There are also NHL pieces in place where this doesn’t need to be a full rebuild, but a retool instead. And it helps the Devils have an additional first-round pick in this year’s draft, thanks to trading Hall to the Coyotes. Their farm system may not be the best in the league, but some prospects should be regular NHL contributors soon enough. And that wasn’t the case when Shero took over, as well.
As for the timing of Shero’s firing, it’s odd. An NHL GM rarely gets fired midseason, but the owners must’ve had enough philosophical differences with Shero to move on now. The NHL Trade Deadline is a month and a half away, and if they weren’t comfortable with Shero handling that significant date, that could be one factor. It also gives interim GM Tom Fitzgerald time to audition for the permanent gig because he’ll be a legitimate candidate when the time comes to make a decision.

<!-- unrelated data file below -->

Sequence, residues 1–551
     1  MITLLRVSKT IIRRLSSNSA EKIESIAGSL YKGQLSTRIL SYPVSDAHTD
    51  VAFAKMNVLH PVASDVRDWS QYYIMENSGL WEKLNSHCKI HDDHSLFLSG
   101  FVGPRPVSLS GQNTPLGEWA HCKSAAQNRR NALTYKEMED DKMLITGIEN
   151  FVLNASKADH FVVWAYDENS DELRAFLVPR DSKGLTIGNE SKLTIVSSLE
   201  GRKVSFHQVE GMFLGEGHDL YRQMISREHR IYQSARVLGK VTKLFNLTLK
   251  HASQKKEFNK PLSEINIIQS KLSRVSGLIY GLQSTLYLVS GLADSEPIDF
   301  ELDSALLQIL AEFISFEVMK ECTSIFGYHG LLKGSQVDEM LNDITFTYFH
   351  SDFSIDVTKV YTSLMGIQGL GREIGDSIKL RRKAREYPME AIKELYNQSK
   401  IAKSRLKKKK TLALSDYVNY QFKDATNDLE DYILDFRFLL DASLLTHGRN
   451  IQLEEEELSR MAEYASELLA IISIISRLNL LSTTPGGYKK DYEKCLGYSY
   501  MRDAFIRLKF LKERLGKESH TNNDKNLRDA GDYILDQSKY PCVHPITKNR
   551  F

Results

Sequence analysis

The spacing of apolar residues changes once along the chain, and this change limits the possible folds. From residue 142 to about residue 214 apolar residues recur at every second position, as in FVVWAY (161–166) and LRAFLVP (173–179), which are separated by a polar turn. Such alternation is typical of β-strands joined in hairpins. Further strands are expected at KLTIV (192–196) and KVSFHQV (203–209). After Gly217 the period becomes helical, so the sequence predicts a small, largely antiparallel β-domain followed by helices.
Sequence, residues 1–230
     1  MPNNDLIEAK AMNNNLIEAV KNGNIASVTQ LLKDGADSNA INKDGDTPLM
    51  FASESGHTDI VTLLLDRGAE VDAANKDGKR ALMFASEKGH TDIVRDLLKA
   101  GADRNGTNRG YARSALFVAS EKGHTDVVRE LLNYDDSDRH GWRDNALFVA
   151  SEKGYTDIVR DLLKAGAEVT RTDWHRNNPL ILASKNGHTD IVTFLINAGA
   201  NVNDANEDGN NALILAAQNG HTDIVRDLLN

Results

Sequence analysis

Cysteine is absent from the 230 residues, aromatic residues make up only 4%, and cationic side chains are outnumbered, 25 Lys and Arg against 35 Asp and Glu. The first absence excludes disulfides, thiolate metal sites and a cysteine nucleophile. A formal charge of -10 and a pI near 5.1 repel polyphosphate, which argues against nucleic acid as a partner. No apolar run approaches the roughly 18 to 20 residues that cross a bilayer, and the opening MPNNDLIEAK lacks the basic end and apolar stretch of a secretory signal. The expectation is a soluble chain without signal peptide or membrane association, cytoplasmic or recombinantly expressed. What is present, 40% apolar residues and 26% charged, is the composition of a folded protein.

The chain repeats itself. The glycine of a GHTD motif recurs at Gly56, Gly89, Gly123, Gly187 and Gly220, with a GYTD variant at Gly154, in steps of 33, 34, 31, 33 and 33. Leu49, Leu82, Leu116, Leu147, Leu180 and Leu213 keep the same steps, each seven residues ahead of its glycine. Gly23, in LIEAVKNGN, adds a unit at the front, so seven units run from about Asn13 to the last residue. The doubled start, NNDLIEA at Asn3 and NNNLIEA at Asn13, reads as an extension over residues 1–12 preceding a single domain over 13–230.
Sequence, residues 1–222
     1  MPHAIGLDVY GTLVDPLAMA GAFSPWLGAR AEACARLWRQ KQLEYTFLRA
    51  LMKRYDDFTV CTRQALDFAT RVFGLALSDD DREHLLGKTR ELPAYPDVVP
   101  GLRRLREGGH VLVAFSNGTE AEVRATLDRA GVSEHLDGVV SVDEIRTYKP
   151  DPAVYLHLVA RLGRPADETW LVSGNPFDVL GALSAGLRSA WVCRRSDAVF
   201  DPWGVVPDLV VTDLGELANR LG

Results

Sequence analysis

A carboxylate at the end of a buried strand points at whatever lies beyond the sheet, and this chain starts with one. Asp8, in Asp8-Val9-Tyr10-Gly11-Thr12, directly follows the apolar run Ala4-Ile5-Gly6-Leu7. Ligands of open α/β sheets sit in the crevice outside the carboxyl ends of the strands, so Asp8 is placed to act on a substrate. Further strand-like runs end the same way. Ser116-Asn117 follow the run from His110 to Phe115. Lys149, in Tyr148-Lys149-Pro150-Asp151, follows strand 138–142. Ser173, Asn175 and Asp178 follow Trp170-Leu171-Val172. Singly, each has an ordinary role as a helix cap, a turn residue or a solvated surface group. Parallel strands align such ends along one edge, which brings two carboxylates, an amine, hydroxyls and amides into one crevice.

Related: Devils Need a Reset, Not a Rebuild
Shero’s tenure may not have ended the way anyone would have liked. But he leaves the Devils in a better place than he found them. I don’t think anyone can deny that, either. There’s uncertainty as to what comes next. But if a retool is what ownership is looking for, Shero’s legacy will have a lasting impact, even if it’s someone else who leads the team back to playoff contention.